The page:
Subaru’s six stars were on the rise throughout 2017.
America’s eighth-favourite vehicle brand closed out last year with its best-ever month for sales, with 63,342 vehicles sold in total.
That’s on top of 73 consecutive months of year-on-year sales growth, as well bringing the year to a close with all-time record sales for Subaru in the United States. Not a bad set of figures to head into your 50th anniversary year on the back of, eh?
Thomas J Doll, Subaru of America COO, was obviously thrilled at the brand’s performance and growth, saying on announcement of their sales performance for the year: “We closed 2017 with our ninth consecutive year of record sales and our tenth consecutive year of sales increases which underscores the successful growth the Subaru brand has enjoyed over this time.”
“December represented the best month ever for Subaru of America, capping off the best year in the company’s 50-year history, in both sales and market share,” continued Jeff Walters, Senior Vice President of Sales at Subaru, noting the brand’s market share, which stood at 3.76% for the year that ended last month, and 3.95% for the month of December.
Here, we count down Subaru’s top-selling models from 2017.
Total Sales YTD 2017: 188,886 | Difference to 2016’s total: +3.3%
The Outback was just one of Subaru’s models to achieve an all-time sales volume record for calendar year 2017.
Sales of the toughened off-road variant of the Legacy were up a modest 3.3% on 2016’s total for its twelve months, with the Outback’s growth tailing off somewhat in the final quarter after year-on-year increases in every month up to September.
Outback also outsold Forester for the second-consecutive year to be the Subaru brand’s best-selling model, and having received a refresh for 2018 model year, the Outback’s trajectory seems likely to continue upward over the next 12 months.
Total Sales YTD 2017: 177,563 | Difference to 2016’s total: -0.6%
2017 saw the end of a five-year growth streak for the Subaru Forester, encompassing the time since the current model was introduced in for the 2012 model year.
It sits eleventh in our overall ranking table for SUVs & crossovers in the USA, stealing a place from the Jeep Wrangler in the annual sales rankings.
A 2019 Forester is due in the autumn, which should do something to rejuvenate the evergreen off-roader’s sales next year, but expect a dip again in 2018 as the last year of the current model’s lifetime.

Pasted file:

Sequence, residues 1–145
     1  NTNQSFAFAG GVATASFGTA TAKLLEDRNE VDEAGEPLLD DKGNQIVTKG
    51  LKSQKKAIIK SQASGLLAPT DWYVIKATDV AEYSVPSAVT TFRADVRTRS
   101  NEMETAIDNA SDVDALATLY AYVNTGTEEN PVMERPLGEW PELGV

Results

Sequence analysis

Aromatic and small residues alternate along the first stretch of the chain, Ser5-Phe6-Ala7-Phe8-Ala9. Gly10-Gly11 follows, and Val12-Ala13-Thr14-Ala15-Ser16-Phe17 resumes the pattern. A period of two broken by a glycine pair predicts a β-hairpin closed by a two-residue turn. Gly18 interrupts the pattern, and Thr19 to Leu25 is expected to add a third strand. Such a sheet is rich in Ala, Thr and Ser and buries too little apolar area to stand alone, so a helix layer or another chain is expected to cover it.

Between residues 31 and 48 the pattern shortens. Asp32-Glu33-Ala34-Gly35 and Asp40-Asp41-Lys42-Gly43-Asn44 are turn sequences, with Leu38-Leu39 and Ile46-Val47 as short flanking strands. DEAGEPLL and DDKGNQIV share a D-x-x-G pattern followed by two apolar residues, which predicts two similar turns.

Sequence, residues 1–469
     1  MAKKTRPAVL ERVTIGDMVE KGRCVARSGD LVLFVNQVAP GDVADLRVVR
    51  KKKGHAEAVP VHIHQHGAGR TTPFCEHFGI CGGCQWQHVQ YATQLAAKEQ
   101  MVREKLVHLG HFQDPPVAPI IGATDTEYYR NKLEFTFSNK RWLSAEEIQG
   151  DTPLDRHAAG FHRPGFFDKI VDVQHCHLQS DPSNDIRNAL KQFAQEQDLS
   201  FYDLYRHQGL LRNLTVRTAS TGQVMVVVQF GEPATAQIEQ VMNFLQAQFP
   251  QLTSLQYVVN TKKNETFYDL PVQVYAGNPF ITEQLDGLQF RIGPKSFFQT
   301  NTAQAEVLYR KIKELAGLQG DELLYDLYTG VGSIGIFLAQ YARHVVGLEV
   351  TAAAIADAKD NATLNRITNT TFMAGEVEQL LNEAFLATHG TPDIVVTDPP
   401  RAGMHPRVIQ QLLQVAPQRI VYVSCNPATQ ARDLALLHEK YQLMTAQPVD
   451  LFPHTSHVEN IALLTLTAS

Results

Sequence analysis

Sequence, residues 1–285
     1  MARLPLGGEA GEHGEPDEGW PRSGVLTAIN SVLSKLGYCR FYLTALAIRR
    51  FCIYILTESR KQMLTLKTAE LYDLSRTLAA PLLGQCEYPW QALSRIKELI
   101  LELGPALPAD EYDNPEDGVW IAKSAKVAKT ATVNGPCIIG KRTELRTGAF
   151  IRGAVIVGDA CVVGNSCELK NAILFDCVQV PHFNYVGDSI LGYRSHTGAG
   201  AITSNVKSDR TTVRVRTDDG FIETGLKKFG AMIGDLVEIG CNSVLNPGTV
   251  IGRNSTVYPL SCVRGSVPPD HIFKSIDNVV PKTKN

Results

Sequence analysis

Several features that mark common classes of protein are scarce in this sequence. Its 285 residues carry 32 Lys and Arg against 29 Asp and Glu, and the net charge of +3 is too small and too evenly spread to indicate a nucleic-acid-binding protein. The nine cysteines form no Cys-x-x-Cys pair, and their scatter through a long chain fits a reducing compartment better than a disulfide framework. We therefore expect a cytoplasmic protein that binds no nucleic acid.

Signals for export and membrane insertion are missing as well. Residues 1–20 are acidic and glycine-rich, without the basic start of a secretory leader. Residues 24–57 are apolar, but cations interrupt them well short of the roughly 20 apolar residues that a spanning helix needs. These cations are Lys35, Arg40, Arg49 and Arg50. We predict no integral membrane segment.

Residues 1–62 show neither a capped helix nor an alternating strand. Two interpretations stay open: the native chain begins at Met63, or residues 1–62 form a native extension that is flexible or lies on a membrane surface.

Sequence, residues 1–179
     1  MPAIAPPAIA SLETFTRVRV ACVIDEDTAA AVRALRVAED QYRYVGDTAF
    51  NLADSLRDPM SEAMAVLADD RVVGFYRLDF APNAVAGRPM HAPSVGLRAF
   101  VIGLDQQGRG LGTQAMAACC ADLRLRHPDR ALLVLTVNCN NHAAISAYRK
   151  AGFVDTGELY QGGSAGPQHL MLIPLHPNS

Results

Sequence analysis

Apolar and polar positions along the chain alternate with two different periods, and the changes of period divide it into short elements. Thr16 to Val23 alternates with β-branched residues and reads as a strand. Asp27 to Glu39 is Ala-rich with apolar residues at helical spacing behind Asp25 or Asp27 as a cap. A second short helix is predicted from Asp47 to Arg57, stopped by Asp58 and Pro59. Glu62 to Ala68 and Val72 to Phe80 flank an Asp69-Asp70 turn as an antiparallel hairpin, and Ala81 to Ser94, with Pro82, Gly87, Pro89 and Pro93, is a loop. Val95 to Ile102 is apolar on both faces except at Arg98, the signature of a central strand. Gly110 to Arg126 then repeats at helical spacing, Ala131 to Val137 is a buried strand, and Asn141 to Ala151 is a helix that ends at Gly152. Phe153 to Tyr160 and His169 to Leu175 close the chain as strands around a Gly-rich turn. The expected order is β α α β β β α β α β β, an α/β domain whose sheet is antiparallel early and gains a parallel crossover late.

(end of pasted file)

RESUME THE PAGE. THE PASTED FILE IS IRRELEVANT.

Total Sales YTD 2017: 117,401 | Difference to 2016’s total: +32.6%
Ending 2017 having sold a third again on top of its 2016 total, the Impreza is one of the engines behind the Subaru brand’s growth in the US market.
December was also a record month for the US-built Impreza, and the 30% year-on-year increase in sales on the same month in 2016 is down to more than just a $250 donation to charity for every new car sold (though don’t let that put you off, Subaru).
In July 2017, Subaru introduced the 2018 Impreza, underpinned by the new Subaru Global Platform. Its introduction followed five straight months of Impreza sales north of 10k/month. After this, sales dipped slightly but remained significantly higher than the same months from 2016 until the end of the year.
Expect 2018 to be another big year for Impreza.
Total Sales YTD 2017: 110,138 | Difference to 2016’s total: +15.1%
Another Subaru made all-new for 2018 model year, the Crosstrek now also features the new Subaru Global Platform.
The introduction of the new-generation Crosstrek helped this nameplate to 15.1% growth calendar-year-on-year, pushing Crosstrek sales through the 100k barrier for the first time in any calendar year.
There’s no reason the Crosstrek can’t reach those heights again in 2018, Subaru’s 50th anniversary year. While Crosstrek didn’t achieve its best month of sales ever in December (that was August, with 12,823 sold), it enters 2018 with significant momentum behind it and riding the wave of a crossover craze in the US.
Total Sales YTD 2017: 49,837 | Difference to 2016’s total: -23.7%
Legacy was not the only nameplate to lose out in the mid size car segment in 2017, but its drop in sales to 2016’s total outpaced the market’s decline.
Not like Subaru minds. Legacy has been kept ticking over, and is still selling almost 50,000 units a year, which is still a significant amount of vehicles.
Subaru just knows the big money is in its specialism – rugged, jacked-up crossovers and SUVs. The dip in its sedan (and its coupe offering in the form of BRZ) has been more than outweighed by the growth elsewhere in its lineup, with the Outback and Crosstrek supplying SUV sales and the Impreza doing its thing for Subaru in the compact segment.
Next year sees the introduction of a three-row SUV for the brand, the Subaru Ascent, leaning Subaru’s offering in the states further towards the SUV side of the spectrum.
Subaru hasn’t forgotten about the Legacy. It’s just focusing on its 4×4 future.